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International Northeast Region

Women's League for Conservative Judaism

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Women's League for Conservative Judaism

Region History


Hiney Ma Tov: How Good It Is To Be Together

The New International Northeast Region of Women’s League for Conservative Judaism and Its Sisterhoods as of May 4 and 5, 2008

Compiled by Lois Silverman

Dedicated to those who came before us and those who will continue after us. For 120 years!

Special Thanks to:

  • Bette Siegel who help edit this publication;
  • The editors of the Women’s League publication, Beauty, Brains & Brawn: The New World Balabuste from which the Region histories came; and
  • To all those Sisterhood women who took the time to share their Sisterhood’s histories.

Todah Rabah!

Table of Contents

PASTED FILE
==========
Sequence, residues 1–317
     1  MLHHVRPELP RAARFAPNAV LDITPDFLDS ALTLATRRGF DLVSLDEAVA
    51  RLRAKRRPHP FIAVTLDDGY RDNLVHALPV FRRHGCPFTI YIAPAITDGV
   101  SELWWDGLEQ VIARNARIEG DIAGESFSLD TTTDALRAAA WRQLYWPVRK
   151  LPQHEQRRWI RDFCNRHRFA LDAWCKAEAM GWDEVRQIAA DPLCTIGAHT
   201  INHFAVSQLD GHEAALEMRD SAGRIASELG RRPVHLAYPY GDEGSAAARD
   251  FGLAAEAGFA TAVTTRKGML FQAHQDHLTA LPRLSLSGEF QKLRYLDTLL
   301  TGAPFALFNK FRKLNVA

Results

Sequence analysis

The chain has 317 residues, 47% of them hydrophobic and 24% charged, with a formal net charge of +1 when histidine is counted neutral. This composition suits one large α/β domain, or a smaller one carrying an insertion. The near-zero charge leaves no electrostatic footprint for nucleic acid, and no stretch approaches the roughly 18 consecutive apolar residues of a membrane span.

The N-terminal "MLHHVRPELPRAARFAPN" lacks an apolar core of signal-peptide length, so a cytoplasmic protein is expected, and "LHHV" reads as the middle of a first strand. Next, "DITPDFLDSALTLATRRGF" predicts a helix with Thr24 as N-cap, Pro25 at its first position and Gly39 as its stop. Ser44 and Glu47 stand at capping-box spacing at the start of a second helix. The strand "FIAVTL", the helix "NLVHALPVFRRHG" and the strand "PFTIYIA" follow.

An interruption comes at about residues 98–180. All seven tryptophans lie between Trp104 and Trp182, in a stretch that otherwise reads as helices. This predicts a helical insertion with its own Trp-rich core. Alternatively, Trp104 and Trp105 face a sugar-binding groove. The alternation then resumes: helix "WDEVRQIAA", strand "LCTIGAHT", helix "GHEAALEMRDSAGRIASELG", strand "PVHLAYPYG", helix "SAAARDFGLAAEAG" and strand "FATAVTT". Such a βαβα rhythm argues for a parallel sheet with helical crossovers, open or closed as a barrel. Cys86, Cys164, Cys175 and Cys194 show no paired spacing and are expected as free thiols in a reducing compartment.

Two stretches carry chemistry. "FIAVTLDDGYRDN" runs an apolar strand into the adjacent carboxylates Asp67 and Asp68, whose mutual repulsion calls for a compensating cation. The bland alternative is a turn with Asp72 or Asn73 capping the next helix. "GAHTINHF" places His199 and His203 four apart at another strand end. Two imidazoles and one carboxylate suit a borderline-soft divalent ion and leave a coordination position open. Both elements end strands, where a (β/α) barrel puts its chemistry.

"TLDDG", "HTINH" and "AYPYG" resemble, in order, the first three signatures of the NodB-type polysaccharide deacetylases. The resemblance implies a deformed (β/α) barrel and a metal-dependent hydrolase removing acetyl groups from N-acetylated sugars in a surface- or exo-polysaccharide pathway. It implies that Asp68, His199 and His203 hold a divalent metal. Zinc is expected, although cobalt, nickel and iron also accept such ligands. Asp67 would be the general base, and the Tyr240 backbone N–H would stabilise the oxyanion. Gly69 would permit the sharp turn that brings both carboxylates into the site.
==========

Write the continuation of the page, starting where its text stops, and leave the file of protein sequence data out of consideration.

New York State

  • Congregation Sons of Israel/Daughters of Jacob Amsterdam 1937
  • Congregation B’nai Israel Auburn 1923
  • Temple Shaarey Zedek Buffalo 1927
  • Congregation Beth Sholom-Chevra Shas DeWitt 1965
  • Temple Beth Joseph Herkimer 1945
  • Temple Beth El Ithaca 1956
  • Temple Beth Israel Niagara Falls 1938
  • Temple Beth David Rochester 1954
  • Temple Beth El Rochester 1920
  • Congregation Agudat Achim Schenectady 1933
  • Temple Adath Yeshurun Syracuse 1921
  • Temple Beth El Tonawanda 1921
  • Temple Beth El Troy 1929
  • Temple Beth El Utica 1921

Canadian Seaway

  • Beth Emeth Bais Yehuda Downsview 1959
  • Beth Jacob Synagogue Hamilton 1954
  • Or Shalom Synagogue London 1952
  • Adath Israel North York 1958
  • Beth Tikvah Synagogue North York 1964
  • Beth Torah North York 1965
  • Beth David-B’nai Israel Beth Am North York 1955
  • Agudath Israel Congregation Ottawa 1949
  • Beit Rayim Synagogue Richmond Hill 1988
  • Ahavas Isaac Synagogue Sarnia 1952
  • Shaar Shalom Synagogue Thornhill 1979